Problem with rote-based curriculum?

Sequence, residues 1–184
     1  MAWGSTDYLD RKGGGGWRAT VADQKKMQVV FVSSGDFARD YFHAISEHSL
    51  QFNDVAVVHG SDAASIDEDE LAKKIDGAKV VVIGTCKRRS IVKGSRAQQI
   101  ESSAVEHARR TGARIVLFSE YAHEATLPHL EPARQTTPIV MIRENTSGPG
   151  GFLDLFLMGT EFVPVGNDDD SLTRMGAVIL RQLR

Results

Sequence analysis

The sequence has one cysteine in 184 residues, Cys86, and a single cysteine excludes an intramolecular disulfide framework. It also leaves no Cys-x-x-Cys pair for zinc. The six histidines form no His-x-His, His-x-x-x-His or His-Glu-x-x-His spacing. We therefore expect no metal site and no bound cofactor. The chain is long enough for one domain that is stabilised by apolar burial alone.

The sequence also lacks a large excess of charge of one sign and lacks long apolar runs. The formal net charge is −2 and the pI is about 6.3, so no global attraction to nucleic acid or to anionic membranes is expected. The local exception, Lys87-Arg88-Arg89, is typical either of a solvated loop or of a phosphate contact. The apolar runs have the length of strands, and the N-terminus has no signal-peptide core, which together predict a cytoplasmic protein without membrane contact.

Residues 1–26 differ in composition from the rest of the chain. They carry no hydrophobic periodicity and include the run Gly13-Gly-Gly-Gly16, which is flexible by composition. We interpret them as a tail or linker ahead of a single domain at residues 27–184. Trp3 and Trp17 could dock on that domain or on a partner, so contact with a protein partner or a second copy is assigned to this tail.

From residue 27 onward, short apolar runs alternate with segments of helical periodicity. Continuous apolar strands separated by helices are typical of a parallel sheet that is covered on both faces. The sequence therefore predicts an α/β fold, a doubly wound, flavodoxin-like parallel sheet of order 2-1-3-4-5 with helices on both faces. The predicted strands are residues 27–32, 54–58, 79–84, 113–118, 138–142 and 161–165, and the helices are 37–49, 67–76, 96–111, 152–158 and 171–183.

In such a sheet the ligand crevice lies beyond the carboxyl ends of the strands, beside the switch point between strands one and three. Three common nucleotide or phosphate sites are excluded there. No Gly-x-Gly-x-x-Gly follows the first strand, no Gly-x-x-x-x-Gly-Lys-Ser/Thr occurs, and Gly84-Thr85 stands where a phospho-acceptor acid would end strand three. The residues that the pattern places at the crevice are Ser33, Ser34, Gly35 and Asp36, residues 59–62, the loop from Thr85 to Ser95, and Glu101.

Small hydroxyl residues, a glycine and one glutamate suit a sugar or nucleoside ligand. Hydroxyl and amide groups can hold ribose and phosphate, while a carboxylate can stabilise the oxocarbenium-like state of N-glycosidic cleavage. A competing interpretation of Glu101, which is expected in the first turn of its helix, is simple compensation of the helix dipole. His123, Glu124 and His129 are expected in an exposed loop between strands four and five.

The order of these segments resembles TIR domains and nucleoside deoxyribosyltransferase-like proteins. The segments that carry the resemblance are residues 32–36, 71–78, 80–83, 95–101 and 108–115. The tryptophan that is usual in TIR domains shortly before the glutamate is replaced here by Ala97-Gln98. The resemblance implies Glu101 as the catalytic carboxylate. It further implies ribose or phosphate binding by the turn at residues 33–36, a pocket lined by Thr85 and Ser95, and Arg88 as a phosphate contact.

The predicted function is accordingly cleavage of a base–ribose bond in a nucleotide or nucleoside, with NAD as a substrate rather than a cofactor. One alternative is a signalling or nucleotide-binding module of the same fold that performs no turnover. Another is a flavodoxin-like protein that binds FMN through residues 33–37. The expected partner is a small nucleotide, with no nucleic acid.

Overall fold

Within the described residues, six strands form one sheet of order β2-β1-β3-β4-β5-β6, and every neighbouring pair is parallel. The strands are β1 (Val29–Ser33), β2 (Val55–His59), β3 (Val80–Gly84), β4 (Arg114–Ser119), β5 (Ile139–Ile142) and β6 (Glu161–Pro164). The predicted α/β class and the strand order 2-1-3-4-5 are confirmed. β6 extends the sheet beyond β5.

As the students are around the age of three, they have not yet developed their fine motor skills or the muscles in their hands. This makes it difficult for the children to hold a pencil, which prevents them from being able to write. The children were also unable to understand the concepts of the lesson through memorisation, and were just simply repeating after the teacher. Do not get me wrong, repetition is very helpful and the teachers were very smart about their approach. However, given the students were not fully familiar with English, repetition activities in english did not allow them to use their memory as a way of learning the concept and instead was a chance for them to repeat after the teacher while zoning out. To explain it more clearly, envision yourself repeating a pattern of sounds which have little or no meaning to you. In this time, it is likely your mind is elsewhere, though you may still be repeating the pattern. When the student was asked a conceptual question based on what was taught that day, he/she was unable to answer it.